The creative process
From where do we get our notion of art? The assumption is that art is something that takes talent, patience, and hard work, and thus should be appreciated for the considerable skills of its maker. Another assumption is that art is supposed to look “like something”. But who is to say that rendering objects from observation has anything to do with art? Is it possible for certain items to possess an intrinsic beauty or merit that can traverse cultural differences and the boundaries of time? The final image observed by the viewers is the result of laborious and painstaking work of artist’s imagination combined with his skills and talents. The creation of art conventions, the specific tools used to form a visual or other cultural code, made the art process not simply reproduction of really existing objects. A familiar example of convention might be the gold halo which was an accepted feature of Christian art for many centuries. The halo motif was used as a creative imagination of the aura or inner glow holy personages were supposed to possess. Seeing these gold discs as halos is the result of creative approach of the artist to the subject matter that allows viewers to perceive it so. The blue dress of the Virgin is used in a similar manner; the color blue was symbolic of heaven and its use throughout much of Christian art was to be a reminder of Mary’s divine nature. With time the creative process evolved and conventions became more subtle and complex than designating an idea to color.
Throughout the history of art there have been conventions very pervasive and persuasive. This is true of an idea called linear perspective. First perfected by the Romans and then rediscovered in the Renaissance, linear perspective is a geometric system for depicting depth on a two-dimensional plane. One-point perspective, where all lines converge upon a single vanishing point was by far the most popular method for conveying space in the early Renaissance. The epoch of Renaissance was the time when the question of creative reproduction of volume and space became pivotal. One of the early masters who capably assimilated the notions of volume and perspective was Tommasco d. Giovanni di Simone Guidi, better known as Masaccio. (Kissik, 169) He was one of the first to understand and creatively employ the relationship between volume and perspective and his painting of Christ in The Holy Trinity is a notable result. The idea was to use linear perspective in rendering the surrounding framework so that would effectively create a deep central space. Masaccio then goes even further in his perfection; he reasserts this space by modeling his figure in light and shadow, which reaffirms the viewer’s anticipation of space in the work.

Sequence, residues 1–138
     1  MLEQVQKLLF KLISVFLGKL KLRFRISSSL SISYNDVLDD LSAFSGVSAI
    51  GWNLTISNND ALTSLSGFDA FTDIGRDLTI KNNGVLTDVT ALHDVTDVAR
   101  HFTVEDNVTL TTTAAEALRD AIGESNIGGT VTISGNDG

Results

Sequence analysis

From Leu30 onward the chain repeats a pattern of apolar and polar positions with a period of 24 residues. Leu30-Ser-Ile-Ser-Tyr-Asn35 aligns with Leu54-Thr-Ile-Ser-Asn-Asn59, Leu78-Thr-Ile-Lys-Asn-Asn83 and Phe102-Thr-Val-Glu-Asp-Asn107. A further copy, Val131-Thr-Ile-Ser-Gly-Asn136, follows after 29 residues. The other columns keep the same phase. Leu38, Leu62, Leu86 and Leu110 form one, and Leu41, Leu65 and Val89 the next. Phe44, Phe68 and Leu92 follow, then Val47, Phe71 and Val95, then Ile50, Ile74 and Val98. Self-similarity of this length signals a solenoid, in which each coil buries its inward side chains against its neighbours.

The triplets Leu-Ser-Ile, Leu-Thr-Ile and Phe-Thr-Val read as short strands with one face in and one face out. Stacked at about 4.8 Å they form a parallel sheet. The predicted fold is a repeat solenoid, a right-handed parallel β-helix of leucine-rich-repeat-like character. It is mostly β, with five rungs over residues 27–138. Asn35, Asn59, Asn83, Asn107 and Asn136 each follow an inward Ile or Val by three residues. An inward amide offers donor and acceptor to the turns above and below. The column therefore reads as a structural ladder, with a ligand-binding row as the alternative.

During the Renaissance the idea of illusionistic space was based on the assumption that art responded to certain truths about nature of reality and our participation in it. However, the ever evolving process of creating art re-appraised the assumptions about the way the world works and the artist set quite opposite aims. These were the Cubists who by inverting the conventions that once defined the nature of reality reinvented the world of painting through decidedly twentieth-century temperament. The Cubists’ idea of flatness takes its premise from the notion that truth in painting must correspond to the physical reality of the two-dimensional plane and the shifting nature of perception. The creative process acquired a disintegrating character. For example, Picasso’s portraits move away from natural appearance and traditional conventions for the depiction of volume. The viewer sees the bodies on his portraits as fragmented, dislocated yet still identifiable assemblages of forms. Picasso’s collapse in the middle and background into the immediate vicinity of the figure enhances the dispersion of the body across the picture plane.
The way the artists achieve systematic destruction of space on two-dimensional plane is that they through their artistic view experienced destruction of human values. Cubism dismantled the methods of earlier art and its radical disregard for established truths was part of a more general cultural and intellectual overhaul taking place in the first decade of the twentieth century.
Thus, each epoch finds its representation in the numerous artistic works which are not simple rendering of reality into canvas but rather the results of the creative process that underwent social influence.
Kissick, John, Art. Context and Criticism. WCB Brown & Benchmark, 1993